Staff presented a report to Huntsville Council at its January 29 meeting with a recommendation to approve the installation of the donated washroom for River Mill Park at location 1 (noted in the map above).
Brandon Hall, Civil Engineering Technologist for the Town, told council that a soil test had been conducted on location 8 and it came back clean. “So there’s nothing in the ground that … is worrisome for that type of project,” he told council. He said staff moved forward with the tendering process for the installation of the washroom in either site 1 or 8. Hall said staff received eight bids ranging from $92,000 – $367,000.
“We reviewed the bids. We put them through a ranking and we’re proposing location 1,” he said. According to Hall’s report, the recommended location would cost an estimated $171,445.50 versus $160,148.2 for location 8. He said location 1 was chosen because it is closer to the children’s playground, it enables the retention of open space within the park and no further tree removal would be required.
He gave the breakdown for the preferred site 1 location as follows:
Hall also proposed a 50 per cent contingency in the price. “By putting in the contingency [it]allows us to proceed with the project through change orders, if we have to, without coming back to council but a contractor is not entitled to that contingency unless it’s through a change of order signed by both the contractor and the Town, just so we fully understand how that works,” he said.
Councillors said they were much happier with the price and hoped the contingency fund would not be required.
In his report, Hall also noted that, if approved, the cost could be offset by an accessibility grant in the amount of $78,000, which he said staff had applied for.
Deputy Mayor Dan Armour called it a good news story and asked when installation would begin. Hall said as soon as half-load road restrictions are lifted, generally between May 9 and 31, or sooner weather permitting.
Huntsville Councillor Scott Morrison said he’s glad council asked staff to revisit the project and noted it has resulted in savings.
Huntsville Mayor Nancy Alocock agreed, “This really is a good news story. This is such a different number from what we were talking about before, and we all benefit.”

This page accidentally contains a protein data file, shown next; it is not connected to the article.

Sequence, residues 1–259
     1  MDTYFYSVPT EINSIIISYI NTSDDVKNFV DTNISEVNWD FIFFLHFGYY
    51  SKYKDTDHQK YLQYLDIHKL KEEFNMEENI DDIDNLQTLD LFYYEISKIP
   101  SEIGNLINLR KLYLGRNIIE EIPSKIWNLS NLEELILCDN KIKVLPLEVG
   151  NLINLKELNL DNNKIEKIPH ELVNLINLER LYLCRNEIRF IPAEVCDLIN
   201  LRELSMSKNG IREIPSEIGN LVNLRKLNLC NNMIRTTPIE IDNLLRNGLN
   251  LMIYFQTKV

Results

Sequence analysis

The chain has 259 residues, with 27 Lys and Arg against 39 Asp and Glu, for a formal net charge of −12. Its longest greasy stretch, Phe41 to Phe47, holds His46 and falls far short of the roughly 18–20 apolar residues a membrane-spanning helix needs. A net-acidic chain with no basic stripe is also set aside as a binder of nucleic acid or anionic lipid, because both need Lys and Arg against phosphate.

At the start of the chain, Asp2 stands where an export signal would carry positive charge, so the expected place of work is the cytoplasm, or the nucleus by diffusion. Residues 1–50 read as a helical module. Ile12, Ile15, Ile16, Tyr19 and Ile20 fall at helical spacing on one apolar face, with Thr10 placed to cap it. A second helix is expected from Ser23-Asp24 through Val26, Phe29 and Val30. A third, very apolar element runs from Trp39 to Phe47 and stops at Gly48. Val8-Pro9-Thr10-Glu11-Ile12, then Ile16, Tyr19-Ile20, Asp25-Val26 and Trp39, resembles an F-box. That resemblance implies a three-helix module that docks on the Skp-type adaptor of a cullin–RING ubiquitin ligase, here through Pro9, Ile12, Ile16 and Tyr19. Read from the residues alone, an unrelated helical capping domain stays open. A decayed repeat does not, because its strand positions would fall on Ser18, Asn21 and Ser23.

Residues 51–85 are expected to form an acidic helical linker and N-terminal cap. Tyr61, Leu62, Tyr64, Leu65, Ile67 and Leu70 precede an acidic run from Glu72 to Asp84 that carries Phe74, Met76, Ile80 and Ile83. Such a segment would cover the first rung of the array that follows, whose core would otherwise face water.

Councillor Cory Clarke, who has not supported the project in the past, said he has concerns about the reliability of the washroom. He said that based on his own research, he came to realize that the washroom breaks down, is not vandal-proof, and doesn’t stand the test of time. “There are many towns and cities that have had issues with those types of bathrooms and actually are removing them now. So when breakdowns happen they require outside maintenance and worst case they’re not able to be used until the repairs happen, so that was a concern to me.”
Clarke said he fears some councillors have unreasonable expectations of the washroom, “and I hope we’re not being set up for disappointment with these bathrooms.” But he said the Town now owns a bathroom that cannot be returned or sold, so he would be voting in favour of moving forward. “But let me be clear to say that, if we didn’t already own this bathroom I wouldn’t support moving ahead with this project. I just don’t believe this type of bathroom is the best option but, like I said, we own it now so it’s decision time.”
Councillors voted unanimously in favour of moving forward with the project. The funds for the donated washroom will be coming from development charges.
You can find the detailed staff report, HERE (pdf).
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